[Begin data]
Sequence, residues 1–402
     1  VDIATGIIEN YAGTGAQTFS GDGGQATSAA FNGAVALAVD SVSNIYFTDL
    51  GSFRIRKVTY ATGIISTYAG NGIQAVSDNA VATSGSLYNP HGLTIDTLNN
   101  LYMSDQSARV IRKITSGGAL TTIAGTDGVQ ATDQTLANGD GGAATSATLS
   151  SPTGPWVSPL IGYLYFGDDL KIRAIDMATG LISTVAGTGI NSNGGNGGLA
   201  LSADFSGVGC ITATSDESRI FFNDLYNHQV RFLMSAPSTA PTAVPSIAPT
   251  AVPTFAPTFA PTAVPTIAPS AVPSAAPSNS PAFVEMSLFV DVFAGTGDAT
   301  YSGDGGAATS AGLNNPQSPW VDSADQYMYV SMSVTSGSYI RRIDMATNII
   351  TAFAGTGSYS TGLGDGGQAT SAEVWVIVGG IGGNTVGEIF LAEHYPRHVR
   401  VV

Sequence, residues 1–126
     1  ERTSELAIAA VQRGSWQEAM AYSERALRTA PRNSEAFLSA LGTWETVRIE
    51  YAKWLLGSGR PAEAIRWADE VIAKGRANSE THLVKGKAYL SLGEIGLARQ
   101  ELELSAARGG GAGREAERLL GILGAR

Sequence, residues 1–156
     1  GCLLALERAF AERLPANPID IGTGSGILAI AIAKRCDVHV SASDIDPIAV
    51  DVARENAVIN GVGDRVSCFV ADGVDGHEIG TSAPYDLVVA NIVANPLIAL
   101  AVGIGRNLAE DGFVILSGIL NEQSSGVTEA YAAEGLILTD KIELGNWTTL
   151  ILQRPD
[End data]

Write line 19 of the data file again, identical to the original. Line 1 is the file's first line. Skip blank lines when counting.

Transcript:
   151  ILQRPD